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Australian police force poaching trained gardaí

A garda source told TheJournal.ie that the link to the Western Australian Police’s recruitment page has “gone viral” in recent days.

Image: AP/Press Association Images

THE WESTERN AUSTRALIAN Police force is hoping to hire “a significant number” of trained officers from the UK and Ireland in a recruitment drive over the next six months.

It is currently seeking applications from serving gardaí with between three and seven years service to fill vacant roles in the region.

The application process opened last month and there has been a “number of enquiries from Irish police officers”, a spokesperson for WA Police told TheJournal.ie.

“However, [we] are yet to receive any applications from Irish police officers.”

Last year, six members of An Garda Síochána emigrated to become officers in Australia and are now being considered for permanent residency visas.

A source from within the Gardaí told TheJournal.ie that the link to WA Police’s recruitment website has “gone viral” among rank-and-file members as tensions with senior management grows and concerns over possible pay cuts rise.

GRA President John Parker said the situation for gardaí here is getting more frustrating, adding it wasn’t just about pay but also conditions in stations.

When asked about the Australian scheme he said he was “cognisant of the fact that some people have reached rock-bottom and want to give something else a chance”.

“Any reductions in numbers would be worrying…in the overall scheme of things, our own Minister would want to start recruiting by the end of the year.”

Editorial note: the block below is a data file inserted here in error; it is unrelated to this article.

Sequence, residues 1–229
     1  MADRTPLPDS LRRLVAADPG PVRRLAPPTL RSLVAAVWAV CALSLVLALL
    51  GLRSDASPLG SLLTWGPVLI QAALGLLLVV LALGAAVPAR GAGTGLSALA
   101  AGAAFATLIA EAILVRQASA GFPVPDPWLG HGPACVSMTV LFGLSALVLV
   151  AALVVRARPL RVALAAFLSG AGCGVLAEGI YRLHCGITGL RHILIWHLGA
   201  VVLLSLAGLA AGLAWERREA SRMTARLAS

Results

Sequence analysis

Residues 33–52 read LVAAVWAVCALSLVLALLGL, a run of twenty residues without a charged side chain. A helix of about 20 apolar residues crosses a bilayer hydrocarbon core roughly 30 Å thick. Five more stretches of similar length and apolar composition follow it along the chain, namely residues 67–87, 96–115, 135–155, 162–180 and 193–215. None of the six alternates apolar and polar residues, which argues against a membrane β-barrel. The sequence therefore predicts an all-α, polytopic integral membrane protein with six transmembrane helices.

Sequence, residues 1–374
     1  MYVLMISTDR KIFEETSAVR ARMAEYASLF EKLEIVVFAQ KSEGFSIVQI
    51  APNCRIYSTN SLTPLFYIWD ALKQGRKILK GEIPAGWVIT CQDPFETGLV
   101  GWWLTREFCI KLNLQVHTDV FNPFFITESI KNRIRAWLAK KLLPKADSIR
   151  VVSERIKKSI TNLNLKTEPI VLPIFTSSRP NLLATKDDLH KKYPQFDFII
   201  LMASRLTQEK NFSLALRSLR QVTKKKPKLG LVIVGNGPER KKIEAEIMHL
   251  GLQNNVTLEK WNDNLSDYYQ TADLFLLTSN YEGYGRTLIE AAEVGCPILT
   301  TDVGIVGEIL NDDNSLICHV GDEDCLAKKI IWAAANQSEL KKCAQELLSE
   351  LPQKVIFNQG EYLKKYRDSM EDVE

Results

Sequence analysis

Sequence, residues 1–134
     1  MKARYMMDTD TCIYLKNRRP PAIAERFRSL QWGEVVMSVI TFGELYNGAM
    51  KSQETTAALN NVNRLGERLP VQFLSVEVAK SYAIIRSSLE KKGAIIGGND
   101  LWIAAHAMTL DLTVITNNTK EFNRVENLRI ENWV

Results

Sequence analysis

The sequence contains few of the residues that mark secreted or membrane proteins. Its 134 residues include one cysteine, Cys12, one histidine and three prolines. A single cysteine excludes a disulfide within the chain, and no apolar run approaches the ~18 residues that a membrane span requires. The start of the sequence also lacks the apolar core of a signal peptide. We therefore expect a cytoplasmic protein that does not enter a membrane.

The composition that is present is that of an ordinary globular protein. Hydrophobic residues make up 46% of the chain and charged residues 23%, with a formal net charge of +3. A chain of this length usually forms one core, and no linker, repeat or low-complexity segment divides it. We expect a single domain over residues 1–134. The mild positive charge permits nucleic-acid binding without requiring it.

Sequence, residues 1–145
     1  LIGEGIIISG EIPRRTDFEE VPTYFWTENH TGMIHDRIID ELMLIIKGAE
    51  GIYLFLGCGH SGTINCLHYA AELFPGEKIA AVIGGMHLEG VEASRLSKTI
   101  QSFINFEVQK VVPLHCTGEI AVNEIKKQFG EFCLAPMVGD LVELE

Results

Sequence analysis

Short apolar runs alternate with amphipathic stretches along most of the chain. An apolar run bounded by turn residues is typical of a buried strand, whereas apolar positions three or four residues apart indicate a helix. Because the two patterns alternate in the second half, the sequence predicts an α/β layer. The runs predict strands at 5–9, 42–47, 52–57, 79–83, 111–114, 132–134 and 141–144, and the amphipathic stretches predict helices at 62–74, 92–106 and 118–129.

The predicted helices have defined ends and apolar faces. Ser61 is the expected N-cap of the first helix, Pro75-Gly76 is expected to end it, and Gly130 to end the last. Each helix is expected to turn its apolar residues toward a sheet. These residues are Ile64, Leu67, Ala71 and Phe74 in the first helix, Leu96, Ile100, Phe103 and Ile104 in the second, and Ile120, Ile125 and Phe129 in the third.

Australia is looking for already-trained officer because of a skills shortage across the whole region. Those interested should be under 50 years old and need to meet a number of other requirements, including physical fitness and vision standards.

Successful applicants will undergo a 13-week transitional training course at an academy in Joondalup. On graduation, the pay scale begins at $64,077 (€49,597) per year and increases on the third year of service. By the fifth year, salaries have reached over $70,000.

It is understood that the force picked Ireland for the drive because gardaí are already well-trained and speak English.

The recruitment process comes as rank-and-file gardaí threaten industrial action. They plan to “turn off the goodwill tap” from 22 February if the government refuses to budge on pay cut proposals.

Read: Garda Commissioner to meet GRA as plans for industrial action get underway

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